Marshall, Elizabeth L. The Human Genome Project: Cracking The Code Within Us. New York, New York: Franklin Watts, 1996.
1-128. Elizabeth L. Marshall was born in Minneapolis, Minnesota. She grew up in areas of southern California, and in parts of New York City. Shelives in Columbus, Ohio, and is currently married and has two daughters. She attended and graduated from the University of Virginia with a B.A. in English.
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She then graduated from the University of Pittsburgh with a Master of Fine Arts degree in fictional writing. She has worked form several scientific journals and magazines and is a member of the National Association of Science Writers. She has also written several well known books including Conquering Infertility: Medical Challenges and Moral Dilemmas, and High-Tech Harvest. I chose this book because it seemed like an interesting topic, and because I thought it might help me understand more things about DNA. Someone else who read it said that it had a lot to do with the things we covered in class too so I figured it would be as good a choice as any.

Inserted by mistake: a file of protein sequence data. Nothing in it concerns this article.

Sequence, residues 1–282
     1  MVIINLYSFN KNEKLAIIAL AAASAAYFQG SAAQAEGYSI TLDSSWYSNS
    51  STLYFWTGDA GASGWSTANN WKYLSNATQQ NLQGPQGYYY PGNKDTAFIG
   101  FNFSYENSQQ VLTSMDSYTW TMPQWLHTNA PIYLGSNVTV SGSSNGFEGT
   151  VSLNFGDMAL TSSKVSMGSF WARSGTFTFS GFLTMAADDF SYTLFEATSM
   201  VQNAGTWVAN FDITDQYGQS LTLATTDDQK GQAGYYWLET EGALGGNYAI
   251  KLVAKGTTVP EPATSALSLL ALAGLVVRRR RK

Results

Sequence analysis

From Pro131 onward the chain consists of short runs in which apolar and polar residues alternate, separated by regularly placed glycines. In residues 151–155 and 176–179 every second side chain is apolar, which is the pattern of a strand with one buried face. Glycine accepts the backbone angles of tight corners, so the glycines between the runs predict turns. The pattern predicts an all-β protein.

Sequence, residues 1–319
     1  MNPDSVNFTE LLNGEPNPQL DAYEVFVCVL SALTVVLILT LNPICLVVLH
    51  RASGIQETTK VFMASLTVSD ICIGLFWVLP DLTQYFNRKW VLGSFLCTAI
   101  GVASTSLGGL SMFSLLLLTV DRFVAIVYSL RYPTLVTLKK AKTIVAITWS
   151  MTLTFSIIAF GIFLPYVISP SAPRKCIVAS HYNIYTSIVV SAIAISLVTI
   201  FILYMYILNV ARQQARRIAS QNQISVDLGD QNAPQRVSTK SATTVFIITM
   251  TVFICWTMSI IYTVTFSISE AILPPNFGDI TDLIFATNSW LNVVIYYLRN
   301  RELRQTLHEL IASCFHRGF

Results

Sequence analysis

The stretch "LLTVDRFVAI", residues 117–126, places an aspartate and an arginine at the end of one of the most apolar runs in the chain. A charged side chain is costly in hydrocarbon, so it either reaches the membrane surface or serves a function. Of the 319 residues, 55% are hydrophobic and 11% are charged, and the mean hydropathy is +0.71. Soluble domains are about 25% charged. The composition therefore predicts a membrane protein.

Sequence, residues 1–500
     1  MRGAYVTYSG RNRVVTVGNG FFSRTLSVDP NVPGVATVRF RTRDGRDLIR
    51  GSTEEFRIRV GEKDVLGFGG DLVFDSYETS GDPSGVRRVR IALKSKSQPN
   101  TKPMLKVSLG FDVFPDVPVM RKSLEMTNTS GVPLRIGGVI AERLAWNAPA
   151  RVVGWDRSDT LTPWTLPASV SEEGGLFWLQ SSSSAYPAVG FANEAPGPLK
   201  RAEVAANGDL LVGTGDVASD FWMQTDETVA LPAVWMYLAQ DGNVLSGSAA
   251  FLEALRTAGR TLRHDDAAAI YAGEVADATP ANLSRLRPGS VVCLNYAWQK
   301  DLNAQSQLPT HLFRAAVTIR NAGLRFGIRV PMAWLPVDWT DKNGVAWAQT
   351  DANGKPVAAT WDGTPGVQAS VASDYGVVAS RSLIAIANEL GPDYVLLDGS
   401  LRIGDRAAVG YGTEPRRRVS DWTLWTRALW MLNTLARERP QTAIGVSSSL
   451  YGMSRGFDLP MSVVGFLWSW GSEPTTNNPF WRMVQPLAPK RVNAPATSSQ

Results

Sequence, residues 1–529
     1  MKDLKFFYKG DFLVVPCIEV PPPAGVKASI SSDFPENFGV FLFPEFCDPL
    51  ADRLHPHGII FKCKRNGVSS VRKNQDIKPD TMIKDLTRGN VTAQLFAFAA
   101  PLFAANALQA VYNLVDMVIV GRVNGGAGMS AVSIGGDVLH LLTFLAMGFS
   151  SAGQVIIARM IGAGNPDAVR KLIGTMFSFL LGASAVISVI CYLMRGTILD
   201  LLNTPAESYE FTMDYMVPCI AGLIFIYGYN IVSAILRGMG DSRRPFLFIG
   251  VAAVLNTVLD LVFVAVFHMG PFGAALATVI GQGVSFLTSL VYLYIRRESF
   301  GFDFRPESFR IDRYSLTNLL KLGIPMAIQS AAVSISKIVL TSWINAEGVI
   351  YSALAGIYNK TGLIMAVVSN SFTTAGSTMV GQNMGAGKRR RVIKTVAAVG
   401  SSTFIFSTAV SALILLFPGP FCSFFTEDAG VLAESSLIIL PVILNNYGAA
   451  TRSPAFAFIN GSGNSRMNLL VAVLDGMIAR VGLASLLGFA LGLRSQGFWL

This book is about the amazing task of mapping and showing all the sequences of the thousands and thousands of genes in the human body. The book is split up into nine chapters each of which covers a different aspect of this incredible project. The book tells all about almost every aspect of the project. It tells all about the project and what the point is, what has been accomplished so far, and when they expect it to be finished. According to the introduction the project is actually expected to be finished sometime this year.
The first chapter starts off with the basic structure of DNA and describes how the base pairing of each nucleotide creates each amino acid, which when all put together create a strand of DNA. It also gives an idea of who is working on the project. She lists several major cities where the project is being worked on and then goes on to explain how between all these different teams, who are all working on some different aspect of the project, there are also anywhere from 200 to 400 other smaller teams all around the country working on it. The next chapter is about chromosome 18, and how a slight mistake in it can cause things like mental retardation and deafness, and what they are trying to do to help stop or fix chromosome 18 deletion syndrome. The third chapter covers how the human genome project can benefit.